As part of its attempts to turn back the clock in the Catholic Church, the Vatican drew 1.5 million of the devout to Rome on May 1 for the beatification ceremony of Karol Wojtyla, Pope John Paul II. He may become the fastest declared saint in history. The Vatican is also pushing the canonisation of Pius XII, who was pope during World War II. While attention has been drawn to John Paul II’s woeful record on the issue of sexual abuse within the church, little has been said about the reasons for the rush to beatification and sainthood.
The worst thing about the Labor government’s proposed carbon price scheme is that it’s a diversion from real action on climate change. Few of its supporters say it will deliver significant renewable energy or emissions cuts any more — only that it will “start the process” and complement other measures. See also: Green illusions and the carbon tax Critical Decade report understates climate threat
It took Arrow Energy more than 24 hours to cap a major gas well blow-out. The well sprayed water and methane up to 90 metres in the air on a farming property west of Dalby in Queensland. The leak took place on May 22 when the well was being prepared for production. The leak was not reported to authorities until two hours after it occurred, and it took the gas company a further four hours to inform property owner Tom O'Connor.
The Australian media, collectively, does a dismal job of telling the story of our silent apartheid, the space between black and white Australians. The new assimilation, well underway in the Northern Territory, has the same intent as government policies of past eras, still aiming to change Aboriginal people, restrict the importance of their law, language and cultural practice, and move many from their ancestral lands into new housing estates that, we are promised, will materialise magically in great little Aussie growth towns.
When the Tasmanian state government forced a bridge through the kutalyana site as part of the Brighton bypass, the Aboriginal community responded by placing a ban on conducting Aboriginal heritage assessments. These bans are being upheld by all Aboriginal Heritage Officers and the archeologists who work with them. They are intended to remain in place until the legislation that protects Aboriginal heritage is improved. The first major project to be affected by this is the proposed asylum seeker detention centre at Pontville, near Brighton.
The Western Australia Liberal government recently said its lucrative prisoner transport contract with private security firm G4S would end in July. Another private company, the British-based conglomerate Serco, will take over. The move came after a long campaign against G4S and the WA department of corrective services over the death of Aboriginal man Mr Ward, who died of heat stroke in a G4S van during a 360 kilometre trip in January 2008. The state coroner said G4S was directly responsible for Mr Ward’s awful death.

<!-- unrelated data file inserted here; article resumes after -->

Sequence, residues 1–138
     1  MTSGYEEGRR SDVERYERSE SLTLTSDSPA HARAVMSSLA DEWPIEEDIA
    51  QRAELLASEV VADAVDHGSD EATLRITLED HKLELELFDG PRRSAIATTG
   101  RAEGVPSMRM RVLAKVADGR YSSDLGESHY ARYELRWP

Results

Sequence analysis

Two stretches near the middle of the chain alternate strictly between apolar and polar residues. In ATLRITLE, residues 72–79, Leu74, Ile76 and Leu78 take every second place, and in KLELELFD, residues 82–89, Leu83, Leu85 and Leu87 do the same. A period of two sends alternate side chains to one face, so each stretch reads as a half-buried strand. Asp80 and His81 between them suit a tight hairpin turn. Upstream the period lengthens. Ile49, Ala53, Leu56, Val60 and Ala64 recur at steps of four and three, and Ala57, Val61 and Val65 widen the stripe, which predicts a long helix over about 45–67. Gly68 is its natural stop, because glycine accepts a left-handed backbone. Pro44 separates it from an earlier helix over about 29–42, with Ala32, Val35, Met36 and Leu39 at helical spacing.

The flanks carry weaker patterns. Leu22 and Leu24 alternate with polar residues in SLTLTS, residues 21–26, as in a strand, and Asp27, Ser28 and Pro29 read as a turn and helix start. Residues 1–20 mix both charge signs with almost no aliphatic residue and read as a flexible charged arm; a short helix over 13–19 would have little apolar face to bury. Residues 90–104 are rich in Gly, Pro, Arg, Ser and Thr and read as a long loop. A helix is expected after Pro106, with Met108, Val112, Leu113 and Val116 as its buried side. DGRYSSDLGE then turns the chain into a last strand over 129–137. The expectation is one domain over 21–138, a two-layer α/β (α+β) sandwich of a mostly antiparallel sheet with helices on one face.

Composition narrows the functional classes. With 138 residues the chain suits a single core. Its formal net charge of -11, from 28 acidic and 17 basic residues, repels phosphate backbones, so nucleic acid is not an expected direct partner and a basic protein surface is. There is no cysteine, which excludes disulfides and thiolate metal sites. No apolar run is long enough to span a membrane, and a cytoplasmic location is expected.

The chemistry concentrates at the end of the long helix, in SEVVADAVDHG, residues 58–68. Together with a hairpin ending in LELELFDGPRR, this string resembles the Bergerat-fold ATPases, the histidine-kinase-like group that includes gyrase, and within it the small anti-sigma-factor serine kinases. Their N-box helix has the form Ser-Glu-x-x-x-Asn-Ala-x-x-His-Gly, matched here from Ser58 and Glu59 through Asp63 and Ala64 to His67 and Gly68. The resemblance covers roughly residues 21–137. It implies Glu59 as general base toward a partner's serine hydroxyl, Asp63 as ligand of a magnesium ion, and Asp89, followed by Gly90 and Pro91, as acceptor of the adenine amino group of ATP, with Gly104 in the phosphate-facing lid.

Melbourne’s only Indigenous specialist school, Ballerrt Mooroop College (BMC), is again under threat from the state government. The Baillieu Liberal government plans to shift the Glenroy Specialist School (GSS) onto the site, which would push the BMC onto one third of the land it has occupied since 1995. The government provided $18 million to GSS to relocate, but the BMC received just $750,000 to upgrade existing buildings. It is clear that the Baillieu government is pitting disadvantaged schools against each other.
The “Big Four” record companies, already responsible for more than 80% of album sales on the planet, may be on the verge of becoming the “Big Three”. On May 6, Warner Music Group was sold to Ukrainian-American tycoon Leonard Blavatnik. Warner is the world's third largest record company. Blavatnik ― the world's 80th richest man ― is also rumored to have his sights set on number four EMI. If that sale comes to pass, it will create the largest music label in history.
Riz Wakil, an Afghan refugee, arrived on Ashmore Reef in 1999 and was held in Curtin detention centre for nine months. Now a permanent Australian resident, he runs a printery. In June 2010, GetUp! won a charity auction prize — a surfing lesson with opposition leader Tony Abbott — and donated it to Wakil. Abbott and Wakil finally met for the surf lesson on May 8. Green Left Weekly’s Rachel Evans spoke to Wakil about the encounter and Australia’s refugee system. What did Abbott say during the lesson?